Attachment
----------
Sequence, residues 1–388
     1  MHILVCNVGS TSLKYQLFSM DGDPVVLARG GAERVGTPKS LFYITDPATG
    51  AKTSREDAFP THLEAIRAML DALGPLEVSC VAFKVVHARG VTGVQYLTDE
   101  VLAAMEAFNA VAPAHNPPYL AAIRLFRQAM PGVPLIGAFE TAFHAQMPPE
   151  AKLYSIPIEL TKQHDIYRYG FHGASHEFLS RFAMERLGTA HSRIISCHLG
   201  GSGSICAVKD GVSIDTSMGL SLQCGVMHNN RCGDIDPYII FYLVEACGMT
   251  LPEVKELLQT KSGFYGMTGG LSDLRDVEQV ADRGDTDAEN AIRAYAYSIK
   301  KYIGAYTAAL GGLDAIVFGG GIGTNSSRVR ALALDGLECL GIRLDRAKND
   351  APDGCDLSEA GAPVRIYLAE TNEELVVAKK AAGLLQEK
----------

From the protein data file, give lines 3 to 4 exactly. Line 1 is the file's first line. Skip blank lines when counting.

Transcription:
    51  AKTSREDAFP THLEAIRAML DALGPLEVSC VAFKVVHARG VTGVQYLTDE
   101  VLAAMEAFNA VAPAHNPPYL AAIRLFRQAM PGVPLIGAFE TAFHAQMPPE